For this week's Bible Study, we’re continuing our reflection on the Bible’s raw and honest portrait of the human condition. We will look at the word “transgression” in the Bible, which refers to ways that people betray or violate someone’s trust. This concept provides us with an important perspective as we continue to lament and draw attention to the realities of racial injustice in our culture.
It’s never pleasant to focus on our failures or the ways that we are complicit in the betrayal of others, but it’s necessary. Only then can we open ourselves up to the healing and forgiving love of God that transforms us into agents of justice and peace in our world.
From the video, how would you define the biblical word transgression?
Let’s take a moment to reflect on our own experience of being betrayed or having someone break our trust. Is there a particular moment or situation that comes to mind? What is the feeling associated with this experience?
Here the prophet Amos accuses the Israelites of “three, even four transgressions” against Yahweh their God. Notice that the behavior he describes is a violation of the covenant terms that Israel agreed to at Mount Sinai. They reject the Torah, fail to keep God’s laws, and allow injustice against the poor and oppressed. Amos is not just saying these are bad things, though that’s true. They are acts of betrayal against the promise they made to God. In the wider context of Amos 1-2, he targets violent war crimes of Israel’s neighbors, and he calls these “transgressions.” In Amos’ view of God and the world, acts against other people are actually acts against God himself.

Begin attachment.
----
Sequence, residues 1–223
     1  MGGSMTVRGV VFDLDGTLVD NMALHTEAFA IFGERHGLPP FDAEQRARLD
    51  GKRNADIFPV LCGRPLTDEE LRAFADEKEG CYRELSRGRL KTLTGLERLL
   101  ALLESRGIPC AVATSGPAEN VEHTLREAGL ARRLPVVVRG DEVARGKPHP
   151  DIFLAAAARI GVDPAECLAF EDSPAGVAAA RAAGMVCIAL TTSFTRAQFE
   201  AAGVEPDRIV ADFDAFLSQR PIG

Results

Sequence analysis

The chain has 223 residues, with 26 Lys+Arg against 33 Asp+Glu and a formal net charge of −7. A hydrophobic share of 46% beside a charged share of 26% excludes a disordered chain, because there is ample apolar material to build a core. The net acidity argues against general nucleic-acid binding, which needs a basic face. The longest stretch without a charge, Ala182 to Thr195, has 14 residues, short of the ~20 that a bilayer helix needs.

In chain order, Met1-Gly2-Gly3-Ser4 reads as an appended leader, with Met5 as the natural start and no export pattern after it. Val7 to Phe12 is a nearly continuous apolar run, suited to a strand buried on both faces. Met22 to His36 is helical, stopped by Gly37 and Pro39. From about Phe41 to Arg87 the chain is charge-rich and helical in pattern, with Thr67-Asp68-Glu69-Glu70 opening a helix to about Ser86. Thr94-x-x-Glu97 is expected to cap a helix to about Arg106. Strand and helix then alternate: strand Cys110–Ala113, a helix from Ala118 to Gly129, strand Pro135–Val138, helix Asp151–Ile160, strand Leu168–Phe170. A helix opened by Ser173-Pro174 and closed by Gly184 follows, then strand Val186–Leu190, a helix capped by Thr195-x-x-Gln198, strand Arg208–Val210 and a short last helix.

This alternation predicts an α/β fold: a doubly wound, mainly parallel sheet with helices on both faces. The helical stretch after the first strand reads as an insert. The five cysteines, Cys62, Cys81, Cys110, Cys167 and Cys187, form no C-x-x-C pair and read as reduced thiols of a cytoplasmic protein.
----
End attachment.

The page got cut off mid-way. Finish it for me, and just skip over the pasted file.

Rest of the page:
In what way do you think betrayal of trust against another human is transgression against God?
Prophets like Amos often stood up and called out the breaking of trust that they saw in and around them. How does this idea resonate with you?
This poem is a celebration of God’s mercy and forgiveness for people who have broken his trust. Along with many other biblical words for sin, David uses the word “transgression” two times to describe how he betrayed God (vv. 1 and 5). But he also knows that God will never reject someone who is willing to name their failures and acts of betrayal and ask for forgiveness. Owning up to our failures is one thing, but to confess how we have violated someone’s trust––that’s pretty humiliating. But David warns us not to be like a stubborn mule who resists anything difficult. God’s mercy and love are available to those who are willing to trust him to forgive, even those who betray him.
Take a moment to reflect on the ways you have broken someone else’s trust, whether it’s a friend, a family member, or someone you don’t have a relationship with but failed to honor as someone made in the image of God.
Read Psalm 32 as your own meditation, confessing your transgression and choosing to trust that God forgives those who betray him.
Paul explains to the Christians in Corinth that it is the generous love of the Messiah that wakes him up every day and compels him to travel, talk to people about Jesus, and start new churches. He’s convinced that following Jesus is how we begin to experience the power of the new creation. And it’s all a gift! He describes God as someone who doesn’t hold our acts of betrayal (that is, our transgressions) against us. Rather, God wants to be reconciled to those who have wronged him, and that’s what God accomplished through the life, death, and resurrection of Jesus.
What could it look like for love of the Messiah to compel us to share God’s message of reconciliation?
How else could you play a role in healing the violations of trust that have happened in your city or in your family?